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# Mathematical Fallacy watch

1. (Original post by El Stevo)
hold on a bit... as x approaches 0 from the negative side, x^-(1/3) starts getting really negative and approaches - 'infinity' as x approaches 0 from the positive side, x^-(1/3) starts getting really huge and approaches +'infinity'

integrals including singularities can be done using limits, but integrals with asymptotes can't....
Hmm, INT (1/cbrt(x) ) = 2/3.(x^2/3) + C
Let F(x) = 2/3(x^2/3)
INT[-1,1] f(x) = INT[-1,0)f(x) + INT(0,1]f(x)
= lim(x-> 0-) F(x) - F(-1) + F(1) - lim(x->0+)F(x)
and lim(x->0) F(x) = 0.
So I = F(1)-F(-1).
I'm sure it's right.
2. umm... Int 1/cbrtx dx = Int x^-(1/3) dx = (3/2)x^(2/3) + c

i agree the area of -1 to 0 would be the same as 0 to 1, but you can't work out the area of 0 to 1 as it is a shape with infinite height, and as it never touches the y axis, it has some width. a shape with infinite height and some width has infinite area.
3. (Original post by El Stevo)
umm... Int 1/cbrtx dx = Int x^-(1/3) dx = (3/2)x^(2/3) + c

i agree the area of -1 to 0 would be the same as 0 to 1, but you can't work out the area of 0 to 1 as it is a shape with infinite height, and as it never touches the y axis, it has some width. a shape with infinite height and some width has infinite area.
, sorry about my mistake
The area is not only at 1 point or 1 line x = 0. So if e is a very small value, you can assumes area is the integral from -1 to -e, and from e to 1.
4. i *thought* (my thoughts have been known to be inconsequential blabber before) that that was only the case 'continuous' line with a negligible break in it. as opposed to a line disapearing down and re-emerging from up top?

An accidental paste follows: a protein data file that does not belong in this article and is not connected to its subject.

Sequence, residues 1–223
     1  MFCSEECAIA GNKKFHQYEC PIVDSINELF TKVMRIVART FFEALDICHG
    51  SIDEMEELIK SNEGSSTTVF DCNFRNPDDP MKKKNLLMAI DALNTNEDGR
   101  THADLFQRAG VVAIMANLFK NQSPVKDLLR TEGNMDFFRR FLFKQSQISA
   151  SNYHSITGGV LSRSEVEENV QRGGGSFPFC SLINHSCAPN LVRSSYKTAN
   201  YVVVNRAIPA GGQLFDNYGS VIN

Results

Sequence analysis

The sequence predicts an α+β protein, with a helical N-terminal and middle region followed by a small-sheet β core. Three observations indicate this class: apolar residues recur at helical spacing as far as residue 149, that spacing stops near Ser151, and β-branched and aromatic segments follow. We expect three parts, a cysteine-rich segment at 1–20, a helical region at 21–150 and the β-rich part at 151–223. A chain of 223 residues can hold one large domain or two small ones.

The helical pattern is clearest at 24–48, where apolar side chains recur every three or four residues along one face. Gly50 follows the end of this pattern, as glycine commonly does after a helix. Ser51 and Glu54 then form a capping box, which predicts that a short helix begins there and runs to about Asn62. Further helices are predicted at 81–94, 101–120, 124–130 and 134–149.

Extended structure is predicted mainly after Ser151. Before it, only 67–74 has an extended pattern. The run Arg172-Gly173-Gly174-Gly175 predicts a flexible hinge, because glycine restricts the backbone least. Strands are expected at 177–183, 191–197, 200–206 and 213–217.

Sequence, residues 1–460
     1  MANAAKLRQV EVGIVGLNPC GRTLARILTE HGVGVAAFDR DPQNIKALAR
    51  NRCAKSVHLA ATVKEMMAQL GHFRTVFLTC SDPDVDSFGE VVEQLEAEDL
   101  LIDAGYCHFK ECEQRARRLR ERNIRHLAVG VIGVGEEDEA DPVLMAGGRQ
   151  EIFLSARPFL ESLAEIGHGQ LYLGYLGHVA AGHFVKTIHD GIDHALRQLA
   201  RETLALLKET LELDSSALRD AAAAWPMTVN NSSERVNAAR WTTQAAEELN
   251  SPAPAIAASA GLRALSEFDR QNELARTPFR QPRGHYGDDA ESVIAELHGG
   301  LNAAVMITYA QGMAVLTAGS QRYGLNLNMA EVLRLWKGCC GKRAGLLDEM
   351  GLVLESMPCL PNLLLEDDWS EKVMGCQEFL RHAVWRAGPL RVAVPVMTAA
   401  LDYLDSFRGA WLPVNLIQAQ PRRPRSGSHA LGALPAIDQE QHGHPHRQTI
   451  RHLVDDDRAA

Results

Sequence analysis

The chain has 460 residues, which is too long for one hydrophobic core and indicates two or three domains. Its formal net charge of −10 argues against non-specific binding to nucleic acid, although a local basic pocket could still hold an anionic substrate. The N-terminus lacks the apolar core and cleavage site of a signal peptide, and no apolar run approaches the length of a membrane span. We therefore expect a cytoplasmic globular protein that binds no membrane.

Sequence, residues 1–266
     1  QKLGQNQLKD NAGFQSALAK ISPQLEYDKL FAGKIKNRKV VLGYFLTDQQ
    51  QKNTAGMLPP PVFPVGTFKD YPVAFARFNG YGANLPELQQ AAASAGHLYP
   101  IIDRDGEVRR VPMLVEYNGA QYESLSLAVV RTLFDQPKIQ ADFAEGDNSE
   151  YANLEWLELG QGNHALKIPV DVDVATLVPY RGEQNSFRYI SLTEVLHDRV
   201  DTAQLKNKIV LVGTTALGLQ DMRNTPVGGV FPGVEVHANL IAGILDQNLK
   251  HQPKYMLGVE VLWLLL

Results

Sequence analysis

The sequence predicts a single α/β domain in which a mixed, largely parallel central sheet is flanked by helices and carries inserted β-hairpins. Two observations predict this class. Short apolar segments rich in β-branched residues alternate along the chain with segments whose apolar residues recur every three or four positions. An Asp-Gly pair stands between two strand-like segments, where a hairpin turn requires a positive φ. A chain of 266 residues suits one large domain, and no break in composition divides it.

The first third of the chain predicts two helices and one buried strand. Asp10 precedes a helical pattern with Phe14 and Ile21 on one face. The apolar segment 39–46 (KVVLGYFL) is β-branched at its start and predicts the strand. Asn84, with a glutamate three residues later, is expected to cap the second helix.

5. This similar to integral of the funtion but has only one boundary. Like this integral:
INT[0, +infinite) of (e^-x). The answer is 1.
They are all improper integrals.
6. (Original post by BCHL85)
Actually, some function can applied it.
Look at this INT[-1,1] of (1/cbrt(x)). Eventhough 1/cbrt(x) is not continuous function, but it still has INT from -1 to 1.
The Fundamental Theorem of Calculus doesn't apply to x^(-1/3) on (0,1) say, though you're right to say that it does exist as an improper (Riemann) integral.

Generally the integral of x^a on (0,1) does exist improperly for a>-1.
7. (Original post by RichE)
The Fundamental Theorem of Calculus doesn't apply to x^(-1/3) on (0,1) say, though you're right to say that it does exist as an improper (Riemann) integral.

Generally the integral of x^a on (0,1) does exist improperly for a>-1.

Gawd, Riemann, I spit in his general direction! Such a Looooohooooserrrrr!
8. (Original post by RichE)
The Fundamental Theorem of Calculus doesn't apply to x^(-1/3) on (0,1) say, though you're right to say that it does exist as an improper (Riemann) integral.

Generally the integral of x^a on (0,1) does exist improperly for a>-1.
Yap, maybe...
I don't really know about The Fundamental Theorem of Calculus
9. (Original post by BCHL85)
Yap, maybe...
I don't really know about The Fundamental Theorem of Calculus
The Fundamental Theorem of Calculus just essentially says that integration is the opposite of differentiation; namely it says

Int[a->b] f'(x) dx = f(b)-f(a)

But you can't just apply it to any old function like

f(x) = -1/x and f'(x) = 1/x^2

- for example you usually insist f'(x) is continuous.

There are much simpler examples (rather than ones where the function goes off to infinity) where it doesn't work.

e.g. set

f(x) = 0 for 0=<x<1 and 1 for 1=<x=<2

Then f'(x) =0 except at x=1 (but f(x) hasn't zoomed off to infinity, just had a jump) and we see

0 = Int[0->2] f'(x) dx =/= f(2)-f(0) = 1.

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